Objective: Current American Heart Association/American College of Cardiology guidelines recommend anticoagulation and antiplatelet therapy during the first 90 postoperative days; however, there is wide variability in the administration of antithrombotic therapy after bioprosthetic aortic valve replacement. We sought to determine whether early antithrombotic therapy was necessary in patients undergoing isolated bioprosthetic aortic valve implantation and who were discharged in normal sinus rhythm.
Methods: From December 2001 to October 2008, 1131 patients underwent isolated bioprosthetic aortic valve implantation at Brigham and Women's Hospital. After exclusion of patients who underwent concomitant operations (n = 138, 12%), patients who were anticoagulated preoperatively (n = 4, 0.4%), and patients who experienced postoperative refractory atrial fibrillation requiring anticoagulation at discharge (n = 128, 11%), our study base consisted of 861 patients. Patients were followed for 90 days postoperatively for the occurrence of thromboembolism, including stroke, transient ischemic attack, or peripheral thromboembolic events and bleeding complications.
Results: Of the 861 patients included in this study, 133 (15%) were anticoagulated with warfarin sodium (AC+) postoperatively and 728 (85%) were not (AC-). Patients who received postoperative anticoagulation were older; had a higher incidence of hypertension, cerebrovascular accident, and pulmonary vascular disease; and were more symptomatic at presentation. The 90-day risk of thromboembolism (cerebrovascular accident, transient ischemic attack, or peripheral thromboembolism) after surgery was 5% (n = 6) in those who were anticoagulated and 5% (n = 39) in those who were not (P = .67). Independent predictors of thromboembolism were found to be increasing age (odds ratio, 1.03; P = .03), female gender (odds ratio, 2.23; P = .005), short stature (odds ratio, 0.97; P = .002), smoking status (P = .05), New York Heart Association III/IV (odds ratio 1.77, P = .04), and a 19-mm bioprosthetic aortic valve prosthesis (odds ratio, 2.22; P = .03). Evaluation of each predictor with postoperative acetylsalicylic acid+ and AC+ interaction terms revealed that female patients (odds ratio, 0.75; P = .03 AC+; odds ratio, 0.66; P = .02 acetylsalicylic acid+) and patients with a 19-mm bioprosthetic aortic valve (odds ratio, 0.65; P = .02 AC+; odds ratio, 0.36; P = .01 acetylsalicylic acid+) had a reduction in the incidence of thromboembolism when administered acetylsalicylic acid or warfarin sodium. Patients who were in New York Heart Association III/IV also had a reduction of thromboembolism when given vitamin K antagonist (odds ratio, 0.73; P = .04); a similar trend was observed in patients given acetylsalicylic acid (odds ratio, 0.34; P = .06).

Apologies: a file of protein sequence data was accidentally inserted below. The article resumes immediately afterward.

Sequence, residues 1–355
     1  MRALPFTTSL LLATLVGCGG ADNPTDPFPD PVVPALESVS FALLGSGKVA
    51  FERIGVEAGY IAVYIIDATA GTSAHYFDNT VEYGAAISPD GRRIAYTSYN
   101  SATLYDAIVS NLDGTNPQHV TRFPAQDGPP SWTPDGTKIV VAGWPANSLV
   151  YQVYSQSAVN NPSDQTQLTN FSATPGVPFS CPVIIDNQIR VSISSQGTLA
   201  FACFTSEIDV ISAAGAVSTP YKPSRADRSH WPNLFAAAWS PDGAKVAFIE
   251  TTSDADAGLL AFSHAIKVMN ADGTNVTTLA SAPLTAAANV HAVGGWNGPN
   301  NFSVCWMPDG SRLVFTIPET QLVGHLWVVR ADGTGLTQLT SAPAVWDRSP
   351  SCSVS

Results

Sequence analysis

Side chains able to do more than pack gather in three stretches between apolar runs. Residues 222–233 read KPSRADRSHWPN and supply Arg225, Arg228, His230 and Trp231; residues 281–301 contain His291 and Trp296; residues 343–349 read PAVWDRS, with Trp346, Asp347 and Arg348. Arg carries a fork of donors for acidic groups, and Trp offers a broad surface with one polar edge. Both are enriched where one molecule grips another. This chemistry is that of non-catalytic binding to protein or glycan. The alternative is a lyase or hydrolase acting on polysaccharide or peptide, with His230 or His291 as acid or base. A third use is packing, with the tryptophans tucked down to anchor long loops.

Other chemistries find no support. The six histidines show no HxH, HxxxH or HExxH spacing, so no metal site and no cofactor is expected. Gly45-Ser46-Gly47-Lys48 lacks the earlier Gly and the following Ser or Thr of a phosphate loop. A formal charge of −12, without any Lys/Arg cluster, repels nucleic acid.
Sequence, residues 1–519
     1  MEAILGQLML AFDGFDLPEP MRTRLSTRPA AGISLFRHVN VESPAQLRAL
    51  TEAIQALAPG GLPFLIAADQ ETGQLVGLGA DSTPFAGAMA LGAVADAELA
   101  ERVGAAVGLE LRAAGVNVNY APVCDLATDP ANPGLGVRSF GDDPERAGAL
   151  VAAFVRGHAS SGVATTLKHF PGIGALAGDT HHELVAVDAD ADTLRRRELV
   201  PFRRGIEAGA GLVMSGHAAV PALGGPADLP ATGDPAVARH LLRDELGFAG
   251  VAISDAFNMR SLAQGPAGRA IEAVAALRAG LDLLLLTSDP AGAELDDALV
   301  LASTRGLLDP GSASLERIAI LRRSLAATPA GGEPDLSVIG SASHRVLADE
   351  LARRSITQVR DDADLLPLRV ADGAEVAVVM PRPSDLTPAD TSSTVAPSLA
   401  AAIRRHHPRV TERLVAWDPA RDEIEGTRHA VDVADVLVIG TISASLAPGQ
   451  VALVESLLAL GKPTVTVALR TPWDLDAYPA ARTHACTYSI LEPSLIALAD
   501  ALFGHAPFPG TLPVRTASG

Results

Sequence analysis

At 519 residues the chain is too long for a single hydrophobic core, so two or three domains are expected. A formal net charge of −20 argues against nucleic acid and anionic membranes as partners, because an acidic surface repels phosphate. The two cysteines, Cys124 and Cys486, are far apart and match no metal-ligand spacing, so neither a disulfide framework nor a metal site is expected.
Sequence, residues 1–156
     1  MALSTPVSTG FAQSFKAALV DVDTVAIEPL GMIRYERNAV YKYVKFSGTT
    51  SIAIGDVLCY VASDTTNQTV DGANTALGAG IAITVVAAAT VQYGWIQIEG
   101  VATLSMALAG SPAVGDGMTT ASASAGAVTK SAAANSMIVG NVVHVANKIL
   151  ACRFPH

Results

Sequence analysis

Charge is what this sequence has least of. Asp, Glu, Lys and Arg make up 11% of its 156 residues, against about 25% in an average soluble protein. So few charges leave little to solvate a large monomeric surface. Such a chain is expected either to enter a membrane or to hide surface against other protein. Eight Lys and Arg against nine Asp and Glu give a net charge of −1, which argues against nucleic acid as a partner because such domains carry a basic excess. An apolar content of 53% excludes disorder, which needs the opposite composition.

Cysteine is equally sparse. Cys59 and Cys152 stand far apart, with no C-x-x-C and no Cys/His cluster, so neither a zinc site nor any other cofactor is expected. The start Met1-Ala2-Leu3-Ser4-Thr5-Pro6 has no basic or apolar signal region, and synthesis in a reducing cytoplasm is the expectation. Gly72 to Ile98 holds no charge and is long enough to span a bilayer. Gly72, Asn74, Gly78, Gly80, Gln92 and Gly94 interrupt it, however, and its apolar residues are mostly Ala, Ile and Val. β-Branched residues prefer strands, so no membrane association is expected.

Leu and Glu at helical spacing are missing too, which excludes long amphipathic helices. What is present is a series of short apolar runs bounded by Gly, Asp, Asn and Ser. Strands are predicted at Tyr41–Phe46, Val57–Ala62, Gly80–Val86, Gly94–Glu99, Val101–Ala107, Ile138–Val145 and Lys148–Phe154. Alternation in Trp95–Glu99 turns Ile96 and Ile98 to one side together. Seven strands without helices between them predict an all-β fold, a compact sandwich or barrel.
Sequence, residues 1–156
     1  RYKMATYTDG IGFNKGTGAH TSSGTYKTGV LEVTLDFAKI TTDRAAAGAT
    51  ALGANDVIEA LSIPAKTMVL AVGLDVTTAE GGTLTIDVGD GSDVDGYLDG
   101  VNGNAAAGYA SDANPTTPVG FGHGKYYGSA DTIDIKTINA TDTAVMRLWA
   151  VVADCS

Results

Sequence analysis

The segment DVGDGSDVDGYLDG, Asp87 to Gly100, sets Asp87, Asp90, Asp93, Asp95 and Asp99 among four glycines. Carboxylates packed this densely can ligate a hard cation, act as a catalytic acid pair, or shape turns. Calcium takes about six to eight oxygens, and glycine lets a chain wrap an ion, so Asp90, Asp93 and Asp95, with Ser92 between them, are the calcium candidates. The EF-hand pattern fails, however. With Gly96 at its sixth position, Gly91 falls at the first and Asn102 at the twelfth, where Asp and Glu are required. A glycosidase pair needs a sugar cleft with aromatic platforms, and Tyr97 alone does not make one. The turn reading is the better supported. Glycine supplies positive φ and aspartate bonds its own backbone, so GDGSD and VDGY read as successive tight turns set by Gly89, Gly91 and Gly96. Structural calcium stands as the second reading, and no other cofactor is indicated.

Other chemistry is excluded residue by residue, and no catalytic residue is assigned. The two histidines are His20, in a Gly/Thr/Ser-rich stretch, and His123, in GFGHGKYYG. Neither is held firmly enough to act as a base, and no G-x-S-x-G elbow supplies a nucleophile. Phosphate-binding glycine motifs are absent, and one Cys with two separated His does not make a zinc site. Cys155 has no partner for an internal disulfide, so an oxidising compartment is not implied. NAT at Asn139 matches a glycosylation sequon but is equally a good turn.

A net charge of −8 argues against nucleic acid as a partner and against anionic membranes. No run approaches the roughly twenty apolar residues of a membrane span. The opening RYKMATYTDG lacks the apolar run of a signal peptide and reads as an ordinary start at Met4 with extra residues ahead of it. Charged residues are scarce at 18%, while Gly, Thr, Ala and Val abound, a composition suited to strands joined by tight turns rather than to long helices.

Conclusion: Early anticoagulation after isolated bioprosthetic aortic valve replacement in patients in normal sinus rhythm does not seem to reduce the risk of thromboembolism except in high-risk groups. Current recommendations should be revisited, because the only patients who may benefit from anticoagulation are female, those who are highly symptomatic, and those with a small aortic prosthesis.
2010 The American Association for Thoracic Surgery. Published by Mosby, Inc. All rights reserved.